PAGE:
Tuesday, May 11, 2010
La nuit du carrefour
Jean Renoir's La nuit du carrefour is a rough, gritty film noir, set, as its title suggests, in a seeming perpetual night at a sleepy rural crossroads, a small settlement with just three houses and a gas station. This way station is always bathed in fog, isolated in the middle of the looming woods, where mysterious figures skulk through the dark on strange errands. A man shows up dead here, a jeweler, his body left in a stolen car in the garage of the Dutch immigrant Andersen (Georges Koudria), who insists that he's innocent. The French police suspect otherwise, but have nothing to prove it, and so they send the wily inspector Maigret (Renoir's brother Pierre) to investigate. Maigret is a great cinema detective in the traditional mold, clever and intelligent, able to piece together the facts from minimal evidence, observing every small detail and making deductions in the manner of Sherlock Holmes. In trying to make sense of this crime, he's confronted with no lack of suspects, but rather too many: Andersen's seductive sister Else (Winna Winifried), a true femme fatale; the gas station owner Oscar (Dignimont); Jojo (Michel Duran), the gas station attendant who flirts with Oscar's wife when no one (except the audience) is looking; the bourgeois Michonnet (Jean Gehret). All these people act suspiciously, creeping around, dropping knowing comments; they all seem to have some secret, to be willfully drawing suspicion to themselves, wandering through the foggy nights with guns, poisoning bottles of beer, smuggling contraband. Maigret seems to have stumbled into a confluence of odd events and shady characters.
Renoir builds this atmosphere brilliantly. His storytelling is extremely elliptical, marked by diversions that give the editing an abrupt, choppy rhythm (and it doesn't help that one reel of the film was lost outright, though such accidents seem appropriate for a film that already must have been especially loose and rough). When Andersen is first brought in for questioning, Renoir cuts away periodically to a curb-level shot of a local newsstand, capturing the passage of time through the transition from early edition to afternoon edition to evening edition to the evening paper getting swept away the next morning. Later, he frequently cuts away to some seemingly random event, some of the area's residents doing some inscrutable action, acting strangely. The night, and the fog hanging low over the tree-lined dirt roads, also serve as punctuation. At one point, in one of the most surreal interjections, Else is seen lying in her room, lazily smoking a cigarette, as a turtle crawls slowly along the bed next to her; it's baffling but evocative. The missing reel can only explain so much; at some point it becomes obvious that Renoir just doesn't seem especially concerned with narrative clarity. It's seldom clear who's shooting at whom until the obligatory parlor scene at the end, when the detective explains the film's events with such coherence and detail that one wonders how he managed to get all that out of this strange string of events.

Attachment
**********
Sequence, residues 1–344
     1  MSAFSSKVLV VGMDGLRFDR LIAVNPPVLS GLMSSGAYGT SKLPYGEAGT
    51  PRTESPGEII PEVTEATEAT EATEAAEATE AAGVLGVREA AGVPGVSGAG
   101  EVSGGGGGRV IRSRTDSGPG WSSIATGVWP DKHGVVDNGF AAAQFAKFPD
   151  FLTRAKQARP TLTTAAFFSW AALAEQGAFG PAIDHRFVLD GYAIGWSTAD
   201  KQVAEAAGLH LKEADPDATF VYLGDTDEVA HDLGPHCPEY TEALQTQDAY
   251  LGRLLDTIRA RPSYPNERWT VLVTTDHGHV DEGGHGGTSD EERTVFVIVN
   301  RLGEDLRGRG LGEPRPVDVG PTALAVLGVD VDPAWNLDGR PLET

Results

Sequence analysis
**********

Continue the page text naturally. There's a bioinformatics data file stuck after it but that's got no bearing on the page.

That's part of the fun, of course, and Pierre Renoir plays the inspector with such charm and wit that his investigation, elliptical and aimless as it is, is seldom anything but entertaining to watch. Maigret always seems to have a little smirk on his lips, even when they're wrapped around a pipe. He's ahead of everyone else, and he knows it very well. Renoir lets the audience in on his deductions by drawing attention to the relevant objects at precisely the moment that Maigret notices them: a box of cigarettes that should be too expensive for its owner to afford regularly, a spare tire that doesn't match the truck that takes it. But the mystery isn't the point here. Instead, it's Renoir's power of observation that's being showcased. He's as interested in the details that reveal something about human behavior as the ones that reveal something about the mystery. This milieu is wonderfully detailed, with so much activity always going on in the fringes. It's rare that Renoir puts some action in the foreground and nothing else. The frame is always bustling, packed with nuances, like the way that, when Maigret calls the police station, the workers at the gas station go about their business all around him, while his boss at the station is surrounded by cleaning people going about their business behind him. Renoir's compositions are striking but somehow don't seem staged. There's messiness and imprecision in the way that he contrasts foreground and background, sometimes making the focus of the shot something other than what one would expect. When Maigret meets Else for the first time, the inspector and the Andersens are all in the blurry, out-of-focus background of the shot, while in the foreground, in crisp focus, a pile of furniture partially obscures the introduction. Renoir has this feel for making what might be considered "wrong" seem right: it feels real and unscripted, a casual introduction that will soon acquire a more pointed, artificial feel as Else begins her kittenish seduction of the inspector.